Reproductive Health

Microscopic image of the AIDS virus

When the HIV/AIDS Epidemic Meets COVID-19

Claire Volkert, Jonethan James, Kourtney Young, Noreen Khan, Sydney Gurecki, and Bianca Ghita

The HIV/AIDS epidemic exposed how structural factors place individuals at an increased risk for infection, something we are seeing again today with COVID-19. Can lessons learned from the HIV epidemic help prevent us from making the same mistakes today? Read more

A black mother stands on a beach while holding her infant

Infant Mortality among Black Babies

Utibe Effiong, MPH ’14, Ekemini Hogan, and Obasi Okorie

It’s a painful statistical fact that Black babies die at higher rates than White babies—a fact all the more painful and tragic for those living with the realities of infant mortality. The difference in death rates is shared by developing and developed nations alike. But the trend can and must change. Read more

Antibiotic pills displayed in a pill bottle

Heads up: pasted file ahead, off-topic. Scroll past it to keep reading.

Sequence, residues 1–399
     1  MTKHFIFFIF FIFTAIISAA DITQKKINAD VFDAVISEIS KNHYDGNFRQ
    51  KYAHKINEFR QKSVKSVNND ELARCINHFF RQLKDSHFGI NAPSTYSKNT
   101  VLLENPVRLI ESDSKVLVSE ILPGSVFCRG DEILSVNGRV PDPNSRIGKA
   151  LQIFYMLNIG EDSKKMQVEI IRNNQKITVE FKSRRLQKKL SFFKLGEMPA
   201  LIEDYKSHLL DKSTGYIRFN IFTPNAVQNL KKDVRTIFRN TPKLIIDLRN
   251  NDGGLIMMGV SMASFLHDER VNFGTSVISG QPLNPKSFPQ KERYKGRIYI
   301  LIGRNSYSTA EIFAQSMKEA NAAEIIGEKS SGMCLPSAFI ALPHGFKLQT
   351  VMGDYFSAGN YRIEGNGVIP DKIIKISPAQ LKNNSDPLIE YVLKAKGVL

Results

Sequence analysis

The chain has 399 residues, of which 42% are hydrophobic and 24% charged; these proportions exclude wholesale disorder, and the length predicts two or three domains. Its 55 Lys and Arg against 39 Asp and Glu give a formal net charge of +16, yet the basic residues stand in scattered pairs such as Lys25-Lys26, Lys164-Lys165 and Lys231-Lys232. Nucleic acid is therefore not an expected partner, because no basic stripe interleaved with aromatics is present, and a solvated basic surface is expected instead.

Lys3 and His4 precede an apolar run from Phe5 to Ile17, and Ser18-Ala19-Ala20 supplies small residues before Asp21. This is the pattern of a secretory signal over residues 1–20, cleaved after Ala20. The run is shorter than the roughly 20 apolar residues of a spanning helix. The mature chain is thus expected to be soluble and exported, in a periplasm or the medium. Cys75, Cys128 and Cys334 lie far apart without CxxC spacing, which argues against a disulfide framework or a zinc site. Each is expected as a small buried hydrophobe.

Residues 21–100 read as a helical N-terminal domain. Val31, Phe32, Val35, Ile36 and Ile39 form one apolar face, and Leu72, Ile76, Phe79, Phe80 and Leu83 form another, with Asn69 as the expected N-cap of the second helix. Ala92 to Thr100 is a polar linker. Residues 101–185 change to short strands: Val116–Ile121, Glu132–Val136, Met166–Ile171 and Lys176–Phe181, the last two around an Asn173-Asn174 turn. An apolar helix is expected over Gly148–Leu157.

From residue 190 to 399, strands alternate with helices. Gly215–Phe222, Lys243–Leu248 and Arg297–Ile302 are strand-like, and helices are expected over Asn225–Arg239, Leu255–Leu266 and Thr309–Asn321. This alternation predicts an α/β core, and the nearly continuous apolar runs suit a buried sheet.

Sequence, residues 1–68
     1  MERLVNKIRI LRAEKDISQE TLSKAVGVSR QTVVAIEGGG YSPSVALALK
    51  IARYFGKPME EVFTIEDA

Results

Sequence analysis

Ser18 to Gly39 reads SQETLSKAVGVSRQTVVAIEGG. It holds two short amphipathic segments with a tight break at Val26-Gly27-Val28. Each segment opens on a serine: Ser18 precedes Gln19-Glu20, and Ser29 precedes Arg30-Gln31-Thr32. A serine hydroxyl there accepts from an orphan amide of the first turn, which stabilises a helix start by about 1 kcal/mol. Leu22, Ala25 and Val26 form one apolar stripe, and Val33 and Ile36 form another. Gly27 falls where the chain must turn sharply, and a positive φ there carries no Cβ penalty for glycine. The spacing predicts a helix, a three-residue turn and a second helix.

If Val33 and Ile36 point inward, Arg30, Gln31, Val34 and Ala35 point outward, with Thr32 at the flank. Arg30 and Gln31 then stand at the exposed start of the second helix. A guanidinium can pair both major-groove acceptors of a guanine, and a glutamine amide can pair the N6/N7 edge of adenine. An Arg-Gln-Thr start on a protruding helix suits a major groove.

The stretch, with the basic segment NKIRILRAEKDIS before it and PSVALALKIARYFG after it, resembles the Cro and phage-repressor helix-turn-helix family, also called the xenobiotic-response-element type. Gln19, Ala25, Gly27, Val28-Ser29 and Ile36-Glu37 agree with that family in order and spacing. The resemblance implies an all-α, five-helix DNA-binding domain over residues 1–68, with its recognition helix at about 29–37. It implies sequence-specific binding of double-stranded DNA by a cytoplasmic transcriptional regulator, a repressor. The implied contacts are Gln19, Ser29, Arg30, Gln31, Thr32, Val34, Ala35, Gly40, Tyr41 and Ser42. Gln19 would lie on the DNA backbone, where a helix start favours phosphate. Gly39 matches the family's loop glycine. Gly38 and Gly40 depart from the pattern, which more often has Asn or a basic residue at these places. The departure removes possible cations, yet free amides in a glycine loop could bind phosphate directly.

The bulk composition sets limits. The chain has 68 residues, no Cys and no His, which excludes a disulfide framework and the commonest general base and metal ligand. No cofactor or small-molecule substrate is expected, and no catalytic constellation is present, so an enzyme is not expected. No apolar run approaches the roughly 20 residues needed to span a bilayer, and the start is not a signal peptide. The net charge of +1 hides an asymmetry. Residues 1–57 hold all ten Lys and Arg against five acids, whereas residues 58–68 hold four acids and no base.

Antibiotic Use during Pregnancy: Too Much of a Good Thing?

Lixin Zhang, PhD ’99

The discovery and use of antibiotics is one of public health’s great achievements, but antibiotic use is not without its problems. At therapeutic doses, antibiotics exert a strong selection pressure on the microbial community. When antibiotics interact with an infant’s developing microbiome, they can affect gut health and with it the child’s health for years to come. Read more

Black Mother holding a newborn baby

State of Maternal Mortality: The Inequitable Burden on Black Mothers

Kyle Simone Nisbeth

In the US, Black women die from pregnancy-related complications at a much higher rate than the rest of the population. The majority of these deaths are preventable, introducing tough questions for health care. Through awareness and advocacy, says Kyle Nisbeth, we can ensure that these burdens are mitigated and that Black mothers and babies receive the care they need to thrive. Read more

Kelly Gonzalez presenting to a group of students.

Healing in Public Health: Oppression, Trauma, and Resilience

An Interview with Kelly Gonzales and Jillene Joseph

Two leaders in Native American communities discuss intergenerational trauma, oppression and dehumanization, decolonization, and how to be agents of healing, hopeful change, and health for all. Read more